Gardening -- I've had a really good year so far with my container garden! I made some lovely pesto with the basil, and will get another batch off of it before the summer is over, I'm sure. I've had a few tomatoes, not enough to share, but enough to enjoy, and more on the way. And I've had a whole lot of peppers! Last year, I couldn't get my pepper plants to set fruit, so this year I really made an effort to amend the soil, and it paid off! I also have several nice little herb plants that are coming right along.
Gaming -- Game night is coming up this weekend, and I'm taking the housemate along to meet my friends, as he also enjoys board games.
Dogs -- My parents' dog has been bred to a very nice male, so right now we have theoretical puppies. I'm pretty excited, though it will be another eight weeks before the puppies arrive, and then of course six weeks after that before they can leave their mother. Still, there's a definite possibility that I will have a puppy by winter.
>40 foggidawn: Puppies!!! Are they a specific breed? I met an adorable Corgi puppy on the weekend (and I guess her owner) and while I'm decidedly a cat person, she briefly made me consider a dog.
Break a leg with the audition!
>44 MickyFine: English Springer Spaniel is the breed. They’re what I always had growing up, so I’m partial to them. And thanks!
>49 foggidawn: It's been at least a year since I've reread them; I need to fit another one in soon...
>50 scaifea: Especially with the last book in the series coming out next year...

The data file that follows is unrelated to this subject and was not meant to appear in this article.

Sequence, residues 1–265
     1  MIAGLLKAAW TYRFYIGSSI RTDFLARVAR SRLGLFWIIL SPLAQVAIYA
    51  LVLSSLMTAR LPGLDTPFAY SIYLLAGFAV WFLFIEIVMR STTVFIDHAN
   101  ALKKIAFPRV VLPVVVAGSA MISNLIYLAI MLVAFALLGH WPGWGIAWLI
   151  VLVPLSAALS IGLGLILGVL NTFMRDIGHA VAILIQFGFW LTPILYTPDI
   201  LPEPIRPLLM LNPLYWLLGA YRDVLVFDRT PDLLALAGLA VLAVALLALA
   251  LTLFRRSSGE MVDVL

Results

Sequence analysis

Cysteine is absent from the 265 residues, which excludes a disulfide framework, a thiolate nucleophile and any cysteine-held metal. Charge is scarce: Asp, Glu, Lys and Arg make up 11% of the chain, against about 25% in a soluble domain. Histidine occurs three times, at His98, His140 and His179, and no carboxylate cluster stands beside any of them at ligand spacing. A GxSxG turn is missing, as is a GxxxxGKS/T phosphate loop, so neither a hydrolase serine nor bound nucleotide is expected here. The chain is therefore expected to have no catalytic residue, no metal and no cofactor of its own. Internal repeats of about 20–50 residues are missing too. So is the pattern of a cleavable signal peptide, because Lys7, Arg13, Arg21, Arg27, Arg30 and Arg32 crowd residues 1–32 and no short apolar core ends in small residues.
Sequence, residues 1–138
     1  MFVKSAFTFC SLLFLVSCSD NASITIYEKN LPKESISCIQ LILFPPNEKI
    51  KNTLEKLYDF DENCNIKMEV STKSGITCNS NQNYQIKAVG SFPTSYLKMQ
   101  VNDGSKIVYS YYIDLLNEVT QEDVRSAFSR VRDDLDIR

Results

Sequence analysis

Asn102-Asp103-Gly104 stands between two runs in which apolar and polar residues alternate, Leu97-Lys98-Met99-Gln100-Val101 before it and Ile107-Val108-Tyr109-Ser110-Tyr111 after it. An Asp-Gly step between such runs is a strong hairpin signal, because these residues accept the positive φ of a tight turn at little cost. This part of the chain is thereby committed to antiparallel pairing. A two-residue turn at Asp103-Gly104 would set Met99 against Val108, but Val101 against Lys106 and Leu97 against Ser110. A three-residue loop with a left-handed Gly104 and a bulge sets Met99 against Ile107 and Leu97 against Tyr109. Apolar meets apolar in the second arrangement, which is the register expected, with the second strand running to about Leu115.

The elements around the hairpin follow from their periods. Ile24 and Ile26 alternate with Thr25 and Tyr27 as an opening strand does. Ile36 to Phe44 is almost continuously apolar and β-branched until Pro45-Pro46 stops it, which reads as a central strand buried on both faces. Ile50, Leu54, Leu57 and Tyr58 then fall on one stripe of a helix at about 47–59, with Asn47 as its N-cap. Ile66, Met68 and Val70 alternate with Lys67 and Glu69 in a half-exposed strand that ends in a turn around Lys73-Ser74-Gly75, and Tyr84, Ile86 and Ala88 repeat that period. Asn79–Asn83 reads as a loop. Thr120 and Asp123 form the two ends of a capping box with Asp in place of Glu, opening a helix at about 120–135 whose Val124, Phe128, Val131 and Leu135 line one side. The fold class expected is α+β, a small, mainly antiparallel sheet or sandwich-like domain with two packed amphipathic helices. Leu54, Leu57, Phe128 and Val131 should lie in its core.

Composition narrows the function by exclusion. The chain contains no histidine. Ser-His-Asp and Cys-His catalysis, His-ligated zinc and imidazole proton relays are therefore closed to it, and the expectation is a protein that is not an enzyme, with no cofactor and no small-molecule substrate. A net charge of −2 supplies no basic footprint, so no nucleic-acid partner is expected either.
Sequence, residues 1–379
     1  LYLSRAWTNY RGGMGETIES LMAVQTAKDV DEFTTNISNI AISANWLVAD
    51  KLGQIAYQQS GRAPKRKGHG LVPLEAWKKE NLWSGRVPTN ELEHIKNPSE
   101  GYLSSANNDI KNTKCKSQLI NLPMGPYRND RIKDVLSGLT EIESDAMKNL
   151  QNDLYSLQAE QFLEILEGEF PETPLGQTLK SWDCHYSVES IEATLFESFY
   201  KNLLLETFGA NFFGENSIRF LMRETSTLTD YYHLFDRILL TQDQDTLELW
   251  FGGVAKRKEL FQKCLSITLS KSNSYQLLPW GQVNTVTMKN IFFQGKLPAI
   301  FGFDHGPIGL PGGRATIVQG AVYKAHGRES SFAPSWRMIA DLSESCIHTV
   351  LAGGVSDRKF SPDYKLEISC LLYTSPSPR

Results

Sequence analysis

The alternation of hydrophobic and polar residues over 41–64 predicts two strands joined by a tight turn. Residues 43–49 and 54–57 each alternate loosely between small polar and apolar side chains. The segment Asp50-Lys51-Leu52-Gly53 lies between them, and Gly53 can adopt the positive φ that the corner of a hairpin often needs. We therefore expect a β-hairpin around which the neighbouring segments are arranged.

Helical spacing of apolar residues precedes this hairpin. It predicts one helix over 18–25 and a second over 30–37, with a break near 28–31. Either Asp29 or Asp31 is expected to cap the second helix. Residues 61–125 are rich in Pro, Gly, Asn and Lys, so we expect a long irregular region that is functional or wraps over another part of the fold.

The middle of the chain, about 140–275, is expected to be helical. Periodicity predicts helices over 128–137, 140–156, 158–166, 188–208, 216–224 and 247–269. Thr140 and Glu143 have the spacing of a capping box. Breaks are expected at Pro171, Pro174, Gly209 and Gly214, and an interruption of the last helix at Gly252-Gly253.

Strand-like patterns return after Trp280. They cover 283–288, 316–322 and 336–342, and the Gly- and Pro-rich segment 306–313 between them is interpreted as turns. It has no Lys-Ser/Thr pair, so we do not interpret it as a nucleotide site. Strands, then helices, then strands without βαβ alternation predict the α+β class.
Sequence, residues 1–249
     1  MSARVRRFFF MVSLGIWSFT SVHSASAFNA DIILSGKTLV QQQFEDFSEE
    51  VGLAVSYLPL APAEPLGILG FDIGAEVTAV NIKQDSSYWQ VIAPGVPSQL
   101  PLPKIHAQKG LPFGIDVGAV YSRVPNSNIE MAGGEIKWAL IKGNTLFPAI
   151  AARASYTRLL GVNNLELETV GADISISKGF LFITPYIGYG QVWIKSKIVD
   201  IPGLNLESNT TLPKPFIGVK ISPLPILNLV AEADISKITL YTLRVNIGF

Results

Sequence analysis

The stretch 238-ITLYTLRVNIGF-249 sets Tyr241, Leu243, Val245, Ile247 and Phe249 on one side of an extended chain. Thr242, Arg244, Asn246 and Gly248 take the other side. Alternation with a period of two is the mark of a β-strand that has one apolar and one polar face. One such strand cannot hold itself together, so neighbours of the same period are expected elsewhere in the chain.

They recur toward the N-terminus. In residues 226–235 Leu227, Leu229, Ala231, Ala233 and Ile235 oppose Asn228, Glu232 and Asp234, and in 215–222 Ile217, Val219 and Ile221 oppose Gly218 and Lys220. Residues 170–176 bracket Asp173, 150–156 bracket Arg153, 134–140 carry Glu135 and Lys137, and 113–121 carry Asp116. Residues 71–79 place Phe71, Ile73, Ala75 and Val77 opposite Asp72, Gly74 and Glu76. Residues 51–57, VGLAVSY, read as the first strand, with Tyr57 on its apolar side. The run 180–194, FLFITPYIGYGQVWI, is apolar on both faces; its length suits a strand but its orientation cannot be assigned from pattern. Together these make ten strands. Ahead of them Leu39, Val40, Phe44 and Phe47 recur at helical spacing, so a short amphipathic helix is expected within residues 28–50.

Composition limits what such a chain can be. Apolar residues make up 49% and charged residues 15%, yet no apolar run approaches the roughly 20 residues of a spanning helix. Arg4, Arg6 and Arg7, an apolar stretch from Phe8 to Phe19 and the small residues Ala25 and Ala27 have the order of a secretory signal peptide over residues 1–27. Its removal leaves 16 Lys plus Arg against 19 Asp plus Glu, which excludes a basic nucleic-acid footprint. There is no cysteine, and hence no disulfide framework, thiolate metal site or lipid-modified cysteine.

(96 books read)
Evicted: Poverty and Profit in the American City by Matthew Desmond -- In any given city, during any given week, a similar scene plays out: the sheriff's deputies knock on the door and escort the occupants out of the house, then a team of movers comes in and hauls the family's belongings out to the curb. They've been evicted. In this book, Matthew Desmond follows the stories of several Milwaukee inhabitants as they struggle to pay the rent. It's a gripping and compelling read, if bleak. I was particularly interested to read the note at the end about his methodology: he never uses the pronoun "I" in the book, but he's often the unseen observer at the scene. I would widely recommend this book; even though it's a few years old now, it still has lots to say about poverty and housing in America.
>52 foggidawn: Re: lots to say about poverty and housing in America
Society or perhaps, politicians?, generally has/have not addressed the realities of poorly-paid employment and other social ills. It is so devastating to know we (in North America) live in apparently affluent societies yet cannot provide decent living condiotons for an astonishingly high number of families.
I read This Side Up: The Road to a Renovated Life (Amy Mangan) awhile ago, a somewhat similar tale of lost housing and having to move under duress. It was an awful situation for the family. The author wrote with a great deal of courage, given that she and her family went from one disaster to the next with all the stress and desperation one would expect.
I enter into these narratives with too much emotion (sensibility?) and have not been reading these stories in recent times. I admire that you gave Evicted full attention. Your review even tempts me to look for the title myself.